Question: Comparison of DE lists from different datasets of same microarray platform
0
gravatar for Konstantinos Yeles
3.3 years ago by
University of Salerno, Salerno, Italy
Konstantinos Yeles20 wrote:

Dear All,

i would like to ask you a more "beginner" question about a initial comparison of DE lists i have acquired from limma, between two microarray datasets. Although the platform is the same (Agilent), the comparisons are somehow-different due to the different time point of comparison: in the one dataset, i have compared bystander samples vs controls in 4hours, whereas in the other i have performed the same comparison, but in the time-point of 30 min. Also, the same cell type was used in both experiments--IMR-90 human lung fibroblasts--. I understand due to the different time-point comparison, any general comparisons might be inappropriate-but, as I'm highly interested of finding common DE genes between both time-points--which could indicate interesting patterns or groups of genes in both time-points:

thus, for a start, i could compare the DE probe-sets (i.e. with adjusted p-val < 0.05) in a VENN diagram ? or i could also compare the final gene symbols, in case i miss anything for different DE probe-sets in the two datasets, annotated in the same gene symbol ?

Finally, also a scatter-plot would be helpful for this cause ? And if my notion is correct, i should similarly use the logFCs or the t-statistics from the common probe-sets/gene symbols ?
 

Thank you,

Konstantinos

ADD COMMENTlink modified 3.3 years ago • written 3.3 years ago by Konstantinos Yeles20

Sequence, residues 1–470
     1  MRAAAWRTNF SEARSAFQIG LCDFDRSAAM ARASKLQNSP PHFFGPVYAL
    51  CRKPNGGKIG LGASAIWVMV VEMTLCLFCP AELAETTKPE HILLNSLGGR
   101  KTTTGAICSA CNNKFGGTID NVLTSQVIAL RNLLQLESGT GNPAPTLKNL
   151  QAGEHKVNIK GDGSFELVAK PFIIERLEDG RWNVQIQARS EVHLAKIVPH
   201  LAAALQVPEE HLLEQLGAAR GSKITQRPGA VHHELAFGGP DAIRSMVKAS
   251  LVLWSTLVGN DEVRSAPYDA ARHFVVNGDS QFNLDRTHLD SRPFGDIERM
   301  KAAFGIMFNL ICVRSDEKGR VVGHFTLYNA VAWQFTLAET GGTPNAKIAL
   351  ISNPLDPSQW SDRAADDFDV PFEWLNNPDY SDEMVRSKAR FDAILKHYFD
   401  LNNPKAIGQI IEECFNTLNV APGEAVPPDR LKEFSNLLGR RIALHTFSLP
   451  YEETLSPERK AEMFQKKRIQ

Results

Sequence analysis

Answer: Comparison of DE lists from different datasets of same microarray platform
1
gravatar for Aaron Lun
3.3 years ago by
Aaron Lun24k
Cambridge, United Kingdom
Aaron Lun24k wrote:

I don't see any problem with intersecting the DE sets. Each comparison is performed within each data set, so any batch effects should cancel out. To do the intersection, the two choices - probe set ID or gene symbol - would only matter if you have more than one probe set per gene on your platform. I would be inclined to use the probe sets, as they're easier to match up between data sets when the platform is the same. Otherwise, you could end up with a situation where you find that different probe sets for the same gene are DE in different comparisons - this would lead to the question of why the same probe sets aren't DE across your comparisons, which may be interesting to answer (e.g., isoform differences?) or not (spurious differences from technical noise).

It is also common to make a logFC-logFC scatter plot to compare two DE comparisons. I think log-fold changes are more useful than t-statistics for such a plot, as the former gives you the biological effect size while the latter gives you statistical significance (which is probably less interesting to visualize).

ADD COMMENTlink modified 3.3 years ago • written 3.3 years ago by Aaron Lun24k
Answer: Comparison of DE lists from different datasets of same microarray platform
0
gravatar for Konstantinos Yeles
3.3 years ago by
University of Salerno, Salerno, Italy
Konstantinos Yeles20 wrote:

Dear Aaron,